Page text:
The Woman – Janae Windsor

The woman plunged her knife into a tree. She meant to strike the white rabbit. But she missed.

There was a raven perched above. Looking down.

The raven wasn’t impressed.

The woman spotted the raven and said, “Say my name. I know you know my name.”

The raven kept calm. The raven didn’t let on.

“Fine,” said the woman. “Be like that.”

The woman caught a snake sleeping in a rotted-out log. She took the snake by the tail and began to whirl it around and then snapped its head against a tree.

She went back to her cabin in the woods, and made snake stew.

Her children did not like snake stew.

So she threw her children into the pot and ate them.

Then she cried herself to sleep. “No more husband, no more children. I am all alone.”

The woman rubbed her full belly. She wiped the tears off her cheeks, and slept through the following day.

Awakened by the sound of her broken heart, she stretched and went outside. The stars were bright. The moon was sliced through. Only a fraction of its whole.

There were creatures watching her. The raven was there. The porcupine was there, too.

Since she was well rested she walked down the trail.

On her journey she met a man. The man’s name was Russ.

Russ was a guy with few words who happened to be wearing a mask.

“Take off your mask,” said the woman, threatening to stab him. “I don’t trust you.”

“Why don’t you trust me?”
“How could I?”

“If I take off my mask will you trust me?”

“I don’t know,” she said. It was a good question. Did the mask have anything to do with trust?

“Fine,” said the man.

His face was scarred. One large slice ran from above his right eye all the way to his jugular vein pulsing on his neck.

She immediately fell in love with the man, and his scar.

They had three babies. And they were happy.

The woman mostly forgot about her other children and the other man. The ones she ate. She was too satisfied for regrets.

Whenever the woman and the man got into a fight they would wrestle and eventually they would make love.

Sometimes the woman would start a fight just so they would make love.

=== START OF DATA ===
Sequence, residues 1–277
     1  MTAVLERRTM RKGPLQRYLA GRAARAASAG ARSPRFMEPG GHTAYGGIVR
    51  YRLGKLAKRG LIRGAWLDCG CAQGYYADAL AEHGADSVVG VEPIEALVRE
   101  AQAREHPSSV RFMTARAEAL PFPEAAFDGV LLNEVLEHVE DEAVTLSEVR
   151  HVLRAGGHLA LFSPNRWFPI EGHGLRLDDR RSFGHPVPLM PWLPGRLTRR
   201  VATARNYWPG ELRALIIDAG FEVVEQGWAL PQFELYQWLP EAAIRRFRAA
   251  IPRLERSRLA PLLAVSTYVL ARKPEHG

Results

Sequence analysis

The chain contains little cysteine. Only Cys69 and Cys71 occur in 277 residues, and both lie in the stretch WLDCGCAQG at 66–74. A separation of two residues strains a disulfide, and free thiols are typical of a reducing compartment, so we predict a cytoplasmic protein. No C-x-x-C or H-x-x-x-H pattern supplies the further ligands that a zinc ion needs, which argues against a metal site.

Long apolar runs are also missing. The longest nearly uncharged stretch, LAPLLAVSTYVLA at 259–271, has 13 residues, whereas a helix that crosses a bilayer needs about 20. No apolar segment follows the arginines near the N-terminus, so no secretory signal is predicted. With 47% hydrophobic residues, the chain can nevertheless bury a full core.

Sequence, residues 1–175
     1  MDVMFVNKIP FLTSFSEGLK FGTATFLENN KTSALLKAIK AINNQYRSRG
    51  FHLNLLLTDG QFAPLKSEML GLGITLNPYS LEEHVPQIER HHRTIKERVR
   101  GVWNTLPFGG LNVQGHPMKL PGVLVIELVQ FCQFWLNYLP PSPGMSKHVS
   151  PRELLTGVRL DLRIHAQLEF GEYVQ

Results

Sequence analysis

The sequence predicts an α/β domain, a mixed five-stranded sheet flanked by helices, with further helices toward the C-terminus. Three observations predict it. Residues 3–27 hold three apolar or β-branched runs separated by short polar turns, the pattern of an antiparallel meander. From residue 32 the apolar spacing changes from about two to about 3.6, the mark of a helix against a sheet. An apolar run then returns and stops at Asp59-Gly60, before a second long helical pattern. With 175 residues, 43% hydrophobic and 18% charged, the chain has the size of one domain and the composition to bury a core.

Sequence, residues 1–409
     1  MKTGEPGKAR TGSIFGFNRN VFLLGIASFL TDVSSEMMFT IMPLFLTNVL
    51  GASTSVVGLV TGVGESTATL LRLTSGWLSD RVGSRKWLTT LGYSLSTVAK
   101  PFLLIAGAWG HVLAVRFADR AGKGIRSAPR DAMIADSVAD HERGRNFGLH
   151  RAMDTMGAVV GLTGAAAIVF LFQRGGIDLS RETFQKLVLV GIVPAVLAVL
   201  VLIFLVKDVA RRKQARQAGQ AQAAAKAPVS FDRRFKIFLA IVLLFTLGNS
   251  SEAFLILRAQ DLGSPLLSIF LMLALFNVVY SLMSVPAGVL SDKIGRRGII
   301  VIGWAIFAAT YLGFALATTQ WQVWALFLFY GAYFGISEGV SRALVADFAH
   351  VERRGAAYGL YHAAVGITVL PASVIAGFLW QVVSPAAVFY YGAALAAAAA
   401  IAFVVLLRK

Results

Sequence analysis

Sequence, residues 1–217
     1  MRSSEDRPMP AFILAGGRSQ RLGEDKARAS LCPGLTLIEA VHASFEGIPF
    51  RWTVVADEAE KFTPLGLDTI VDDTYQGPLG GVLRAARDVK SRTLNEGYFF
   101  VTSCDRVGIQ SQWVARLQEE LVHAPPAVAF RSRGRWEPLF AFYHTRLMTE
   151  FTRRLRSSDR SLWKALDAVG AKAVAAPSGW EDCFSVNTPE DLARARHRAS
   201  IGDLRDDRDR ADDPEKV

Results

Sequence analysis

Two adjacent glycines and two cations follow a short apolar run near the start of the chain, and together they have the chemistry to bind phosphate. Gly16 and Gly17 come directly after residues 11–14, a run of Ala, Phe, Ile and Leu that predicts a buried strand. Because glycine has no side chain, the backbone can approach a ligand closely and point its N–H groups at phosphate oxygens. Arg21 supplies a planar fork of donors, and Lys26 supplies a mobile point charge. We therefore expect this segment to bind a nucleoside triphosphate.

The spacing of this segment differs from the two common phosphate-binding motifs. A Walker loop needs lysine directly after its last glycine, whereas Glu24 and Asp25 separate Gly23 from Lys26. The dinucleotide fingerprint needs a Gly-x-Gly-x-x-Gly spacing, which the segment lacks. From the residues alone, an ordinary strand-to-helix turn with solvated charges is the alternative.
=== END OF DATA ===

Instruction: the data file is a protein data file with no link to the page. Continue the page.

The children grew. And soon they all moved away.

The man was sad. But the woman was practical. Little children need to grow up and leave their parents. It was the way of life.

But the man missed his children and was burdened with loss.

The woman said, “It’s time to make love, man.”

All he could do was roll over and fall asleep. He could not make love. He could not eat. Life itself tormented him.

The woman went out to hunt, like she used to. When in doubt, hunt. There was a raven in the tree.

“Kathy,” said the raven.

The woman stopped, looked up, and threw her knife at the raven. But the raven could not die, for everyone knows a raven is not a raven.

“I knew you knew my name,” she said.

The raven flew away.

After fetching her knife she walked back to her cabin in the woods.

“Man!” she called out.

But no one called back.

She looked under the bed.

Under the kitchen table.

Under the sink.

The tub.

The tree he loved to pee on.

The man was nowhere.

The woman was alone.

The woman started a fire in the fireplace. After the flames rose high, she used a shovel to move burning logs onto the marriage bed. The blankets went up in flames.

The fire ravaged the cabin, burning it down forever. And the fire was so hot it pushed the woman far away from the heat and her past lives.

She came to a prairie and slept in a red barn.

The following morning she awoke to the farmer holding a gun to her left temple.

“Mornin’,” said the woman.

“What on earth you think yer doin’, missy?”

“Sleep,” she said. “I needed to sleep.”

The farmer was about to say something but his wrist was covered in a sticky red residue.

“You cut me? When did you do that?” He dropped his gun and fell over in the hay.

The woman dragged the farmer’s body over to the pigs. It wasn’t so bad watching him get eaten up; it reminded her of the time she ate her first man and her first set of children.

“I know,” she whispered to the pigs. “I understand.”

The woman took over the farm. It was a hay farm. And during harvest she made a killing. Enough money to last her the remainder of the year.

The townsfolk invited her to public gatherings like church and potlucks. She went with them and worshipped their god. It just made sense to the woman. A lot of things make sense. And singing and praying and listening to bible verses were just fine by her.

But the woman got old. Her fingers were arthritic. Occasionally she tried to conjure the memory of her old hunts, but whenever the vision of a rabbit or snake or deer was about to surface a white frothy wave came crashing down, washing it away.

“I know I used to hunt,” she told her friend. They were sitting in front of a woodstove, knitting little scarves for little children.